Skewed Public Perception of the CDI Role and Impact in Healthcare

Skewed Public Perception of the CDI Role and Impact in Healthcare

This monthly column will discuss all the components of quality clinical documentation with a comprehensive approach to cover all areas of the healthcare industry.

By Autumn Reiter, BSN, RN, CCDS, CDIP, CCS, AHIMA Certified ICD-10 Trainer


When I explain my role as a clinical documentation specialist to people, the first question that comes up most frequently is the financial impact of my job. With the plethora of information given to the public via medicine-related dramas and news broadcasts, it is no wonder they ask this question. While the healthcare industry in the United States is complex—as health information management professionals are well aware—the end goal of clinical documentation improvement (CDI) is to promote the accurate “story” of each patient’s stay. When people get this answer, their response is often a perplexed look accompanied by the question, “But you are trying to get more money, right?”

It seems lately that every time you turn on the television there is a new medical drama starting. Unfortunately, the depiction of healthcare and the patient encounter is offered in a very skewed view depending on the storyline and intended impact. Some have gone as far as to note that any financial impact should be over looked and that it is a discredit to the profession to be cognizant of the financial burdens and rising healthcare costs. Although cost of care should not drive healthcare providers’ treatment decisions, accurate documentation is essential to obtain payment for the services rendered and assign the proper codes associated with those services.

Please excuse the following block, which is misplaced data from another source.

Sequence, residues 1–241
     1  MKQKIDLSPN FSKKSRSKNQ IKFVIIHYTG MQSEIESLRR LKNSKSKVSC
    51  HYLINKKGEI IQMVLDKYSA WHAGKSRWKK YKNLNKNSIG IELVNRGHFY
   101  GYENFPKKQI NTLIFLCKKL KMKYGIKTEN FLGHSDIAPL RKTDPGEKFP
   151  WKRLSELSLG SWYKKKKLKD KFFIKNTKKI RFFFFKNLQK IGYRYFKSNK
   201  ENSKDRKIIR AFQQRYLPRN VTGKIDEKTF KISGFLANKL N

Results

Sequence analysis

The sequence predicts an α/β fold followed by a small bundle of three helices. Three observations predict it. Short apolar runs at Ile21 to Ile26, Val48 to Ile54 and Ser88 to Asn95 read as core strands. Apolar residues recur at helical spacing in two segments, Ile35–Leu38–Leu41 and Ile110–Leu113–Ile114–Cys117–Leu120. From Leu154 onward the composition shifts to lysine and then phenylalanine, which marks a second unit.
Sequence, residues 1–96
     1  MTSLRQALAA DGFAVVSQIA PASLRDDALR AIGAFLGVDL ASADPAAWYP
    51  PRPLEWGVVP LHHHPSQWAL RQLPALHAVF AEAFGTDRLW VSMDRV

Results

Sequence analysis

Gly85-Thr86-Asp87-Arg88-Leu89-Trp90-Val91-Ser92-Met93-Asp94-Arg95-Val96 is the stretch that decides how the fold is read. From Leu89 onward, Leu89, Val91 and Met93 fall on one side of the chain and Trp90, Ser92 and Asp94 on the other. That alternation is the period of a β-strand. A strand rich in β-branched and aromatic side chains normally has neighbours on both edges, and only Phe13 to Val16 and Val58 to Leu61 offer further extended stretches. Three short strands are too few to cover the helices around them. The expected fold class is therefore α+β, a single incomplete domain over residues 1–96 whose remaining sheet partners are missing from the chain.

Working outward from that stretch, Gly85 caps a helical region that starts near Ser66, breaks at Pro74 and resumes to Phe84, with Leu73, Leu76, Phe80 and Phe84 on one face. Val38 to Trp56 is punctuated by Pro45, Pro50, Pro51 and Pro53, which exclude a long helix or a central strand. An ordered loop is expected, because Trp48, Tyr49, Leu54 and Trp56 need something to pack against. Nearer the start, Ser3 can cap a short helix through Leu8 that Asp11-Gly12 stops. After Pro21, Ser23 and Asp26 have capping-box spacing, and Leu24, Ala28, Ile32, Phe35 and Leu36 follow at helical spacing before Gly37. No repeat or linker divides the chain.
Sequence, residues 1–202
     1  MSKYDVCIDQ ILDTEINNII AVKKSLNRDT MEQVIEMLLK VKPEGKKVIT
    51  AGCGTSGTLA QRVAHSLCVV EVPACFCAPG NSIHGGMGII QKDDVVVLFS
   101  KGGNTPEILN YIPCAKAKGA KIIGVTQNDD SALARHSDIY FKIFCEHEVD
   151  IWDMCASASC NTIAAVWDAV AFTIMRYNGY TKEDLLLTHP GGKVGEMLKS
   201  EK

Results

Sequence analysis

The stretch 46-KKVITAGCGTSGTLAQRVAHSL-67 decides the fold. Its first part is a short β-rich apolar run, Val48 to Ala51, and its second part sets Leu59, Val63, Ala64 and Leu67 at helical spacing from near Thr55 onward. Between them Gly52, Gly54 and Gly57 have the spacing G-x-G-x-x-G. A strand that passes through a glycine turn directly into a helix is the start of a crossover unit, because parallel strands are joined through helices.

But our jobs do not end there. We help ensure accurate data is collected for reporting, that the information the public is receiving via the public reports is correct, and that they are informed about facilities care and services. We review quality components and safety measures, all of which helps healthcare consumers make informed decisions on where to receive healthcare and who will provide that treatment.

The following analogy is a useful illustration to help those new to the CDI profession understand the impact of CDI. Let’s say you were seen at your local hospital, but six months later you take a trip to Europe and become ill. The providers there request your records from the states to help treat you accurately. Although there is potential a spoken language barrier, if the ICD-10 codes are as accurate as possible, there should be no concern. These function as a language of their own and it is the responsibility of CDI to make sure those codes fully depict the diagnoses noted. When we discuss any item, being as descriptive as possible creates a picture of what we are discussing. I can tell you I have a bike, but if I describe that bike as being a blue and white road bike, then the picture is much more clear. In turn, a provider’s note can say the patient had pneumonia, but if we can capture aspiration pneumonia due to swallowing difficulty following CVA, the picture again is very different and paints a clearer picture. CDI professionals are the translators for the language of ICD-10. They serve as the editors to each patient’s healthcare novel, each chapter closely reviewed for increased specificity that will allow for a more accurate story to be told through their reviews, queries, and conversations with providers.